By Phil Kerpen
The Senate may vote soon on an amendment by Democratic senator Dick Blumenthal that would make it illegal for dealers to sell any car with an open recall. That might sound good, but there’s a huge problem: many recalls are for items as trivial as a printing error in the owner’s manual, and when a part is simply unavailable, there’s nothing you can do about it. The Blumenthal proposal would therefore effectively make it impossible for millions of Americans – finding their cars suddenly with little or no trade-in value – to buy a new car.
In his press release for the so-called Used Car Safety Recall Repair Act, Blumenthal says: “There are now more than 46 million cars and trucks on our nation’s roads with unrepaired safety recalls.” The proposal, which would prohibit the sale of those vehicles, could be considered imminently as an amendment to the highway bill on the Senate floor.
But are there really 46 million unsafe vehicles on the roads? Of course not.
Many recalls have almost nothing to do with vehicle safety. General Motors recalled Camaros because “the air bag warning label on the sun visor may peel off.” Mercedes recalled a vehicle because “if the driver buckles his seat belt prior to starting the vehicle, the chime will not sound.” Volkswagen recalled Routans because the owner’s manual forgot to warn consumers not to place objects on or near the air bag on the instrument panel. Honda recalled vehicles because of incorrect contact information for the National Highway Traffic Safety Administration. (NHTSA, the guys in charge of the recall process. Have you ever had to call them?)
There is also the big problem of parts availability. Recall notices often go out despite the fact there is nothing an owner or dealer can do to resolve the problem. Sometimes, the engineers don’t know what’s wrong or don’t have a fix. Sometimes, like with the GM ignition switch problem, there is an obvious but cost-prohibitive fix – replacing the entire ignition switch – so there is a need to develop a less expensive interim solution. Very often though, the problem and solution are both identified, but the parts aren’t available because they are in production.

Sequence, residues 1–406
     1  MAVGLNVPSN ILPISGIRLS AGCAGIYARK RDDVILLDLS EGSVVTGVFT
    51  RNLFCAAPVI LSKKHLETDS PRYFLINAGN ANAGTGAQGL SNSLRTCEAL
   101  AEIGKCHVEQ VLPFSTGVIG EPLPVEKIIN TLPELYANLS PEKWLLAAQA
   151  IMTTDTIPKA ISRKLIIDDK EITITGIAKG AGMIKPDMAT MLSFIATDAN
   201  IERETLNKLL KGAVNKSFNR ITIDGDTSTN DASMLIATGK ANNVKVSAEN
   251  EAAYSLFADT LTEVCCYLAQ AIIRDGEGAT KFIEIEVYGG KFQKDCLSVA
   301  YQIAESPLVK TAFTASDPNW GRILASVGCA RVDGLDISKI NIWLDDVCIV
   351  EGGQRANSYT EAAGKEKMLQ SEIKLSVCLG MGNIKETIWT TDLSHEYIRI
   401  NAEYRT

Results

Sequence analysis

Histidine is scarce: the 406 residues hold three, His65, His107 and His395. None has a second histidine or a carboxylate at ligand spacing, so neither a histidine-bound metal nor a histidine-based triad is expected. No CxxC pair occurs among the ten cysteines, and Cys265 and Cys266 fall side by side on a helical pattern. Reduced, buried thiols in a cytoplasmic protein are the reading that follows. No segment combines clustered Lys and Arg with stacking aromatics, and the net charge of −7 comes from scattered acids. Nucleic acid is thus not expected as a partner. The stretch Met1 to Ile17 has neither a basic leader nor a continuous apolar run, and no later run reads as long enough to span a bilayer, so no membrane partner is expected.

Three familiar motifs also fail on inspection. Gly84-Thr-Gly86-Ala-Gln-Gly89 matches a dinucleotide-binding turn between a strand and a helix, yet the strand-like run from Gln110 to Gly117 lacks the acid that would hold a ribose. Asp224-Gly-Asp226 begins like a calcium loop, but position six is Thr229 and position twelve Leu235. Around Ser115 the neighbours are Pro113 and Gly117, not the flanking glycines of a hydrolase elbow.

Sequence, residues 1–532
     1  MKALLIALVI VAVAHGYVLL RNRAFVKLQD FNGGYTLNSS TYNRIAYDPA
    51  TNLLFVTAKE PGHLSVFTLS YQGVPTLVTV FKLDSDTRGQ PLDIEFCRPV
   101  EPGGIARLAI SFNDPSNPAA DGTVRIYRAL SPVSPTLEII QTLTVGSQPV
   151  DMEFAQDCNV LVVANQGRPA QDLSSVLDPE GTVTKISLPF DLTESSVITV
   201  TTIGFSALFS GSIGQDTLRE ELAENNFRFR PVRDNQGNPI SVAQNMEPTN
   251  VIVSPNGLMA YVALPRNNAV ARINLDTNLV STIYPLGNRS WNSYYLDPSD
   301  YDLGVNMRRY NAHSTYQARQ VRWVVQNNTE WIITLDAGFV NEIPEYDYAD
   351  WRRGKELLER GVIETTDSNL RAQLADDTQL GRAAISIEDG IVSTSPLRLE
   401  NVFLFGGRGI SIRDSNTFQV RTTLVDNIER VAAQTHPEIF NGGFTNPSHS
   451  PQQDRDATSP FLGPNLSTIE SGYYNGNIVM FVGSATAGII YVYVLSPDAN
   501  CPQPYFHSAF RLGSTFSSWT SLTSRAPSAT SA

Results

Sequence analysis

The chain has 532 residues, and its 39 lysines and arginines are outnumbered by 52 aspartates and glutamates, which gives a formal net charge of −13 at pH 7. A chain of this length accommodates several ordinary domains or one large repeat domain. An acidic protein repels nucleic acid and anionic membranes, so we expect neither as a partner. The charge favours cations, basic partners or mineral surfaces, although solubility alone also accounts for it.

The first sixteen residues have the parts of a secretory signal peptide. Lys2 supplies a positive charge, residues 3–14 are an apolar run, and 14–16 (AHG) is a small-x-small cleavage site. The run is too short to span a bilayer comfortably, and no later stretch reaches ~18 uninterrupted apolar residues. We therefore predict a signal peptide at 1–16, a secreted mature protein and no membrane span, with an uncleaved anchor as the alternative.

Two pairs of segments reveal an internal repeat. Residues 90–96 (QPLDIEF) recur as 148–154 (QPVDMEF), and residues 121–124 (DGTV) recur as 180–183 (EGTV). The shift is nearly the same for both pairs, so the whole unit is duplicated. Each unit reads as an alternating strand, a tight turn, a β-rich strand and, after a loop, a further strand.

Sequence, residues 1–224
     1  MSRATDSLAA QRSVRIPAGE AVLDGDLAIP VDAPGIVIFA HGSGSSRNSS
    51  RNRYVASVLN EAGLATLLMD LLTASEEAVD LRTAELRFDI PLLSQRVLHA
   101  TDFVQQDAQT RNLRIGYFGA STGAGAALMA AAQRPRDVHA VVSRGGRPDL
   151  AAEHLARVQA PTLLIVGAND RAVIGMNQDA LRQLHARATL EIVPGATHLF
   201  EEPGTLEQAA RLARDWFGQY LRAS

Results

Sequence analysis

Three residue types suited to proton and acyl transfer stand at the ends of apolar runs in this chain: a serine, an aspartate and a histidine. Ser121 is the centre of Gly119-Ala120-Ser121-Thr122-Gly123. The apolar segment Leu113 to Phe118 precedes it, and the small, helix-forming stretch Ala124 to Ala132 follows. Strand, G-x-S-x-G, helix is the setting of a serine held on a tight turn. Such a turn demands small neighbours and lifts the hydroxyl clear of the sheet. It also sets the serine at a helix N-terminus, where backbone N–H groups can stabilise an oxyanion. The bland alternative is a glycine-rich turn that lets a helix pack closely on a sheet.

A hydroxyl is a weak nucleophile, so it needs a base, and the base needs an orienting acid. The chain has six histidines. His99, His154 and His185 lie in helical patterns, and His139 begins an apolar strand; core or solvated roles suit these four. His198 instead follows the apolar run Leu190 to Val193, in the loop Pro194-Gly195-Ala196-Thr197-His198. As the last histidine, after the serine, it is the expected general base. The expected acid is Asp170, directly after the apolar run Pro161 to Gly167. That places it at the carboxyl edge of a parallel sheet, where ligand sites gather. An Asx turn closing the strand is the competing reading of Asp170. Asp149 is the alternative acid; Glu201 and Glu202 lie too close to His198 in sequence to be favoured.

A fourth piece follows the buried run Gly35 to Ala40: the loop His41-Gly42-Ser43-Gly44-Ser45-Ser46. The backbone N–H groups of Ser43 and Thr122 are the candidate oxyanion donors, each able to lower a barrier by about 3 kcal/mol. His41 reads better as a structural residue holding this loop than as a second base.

Consider the largest recall in history, Takata airbags that are in Chrysler, Ford, GM, BMW, Subaru, Mazda, Mitsubishi, Nissan and Toyota vehicles numbering an estimated 33.8 million. In May, NHTSA administrator Mark Rosekind said there was no estimate of how long it would take to produce replacement parts, but stated the obvious: “there is no question it could be some years.”
Blumenthal’s amendment would effectively slash the resale value of all of those vehicles to zero – for years. And that means dealers could offer – at best – only pennies on the dollar for trade-ins, because they would have to hold the cars indefinitely until the parts became available. That would be a disaster for consumers, for dealers, and for automakers.
A better approach would be to differentiate between truly dangerous defects for which vehicles should be immediately taken off the road and the more typical day-to-day issues that result in so many recall notices that many drivers become numb to them and leave them in the pile of junk mail. It would also be worth considering adopting the approach used by the Consumer Product Safety Commission, which does not send recall information to consumers until parts are available, making compliance more likely.
Another alternative Congress could consider would be to require dealers to notify buyers of open recalls at the time of purchase. That would let consumers make informed decisions without causing the major economic problems of the Blumenthal proposal.
The federal government has made motor vehicles the most regulated consumer products in America, and the current recall system has room for significant improvement. But the heavy-handed Blumenthal approach could destroy the value of your trade-in. The Senate should vote no.
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By Phil Kerpen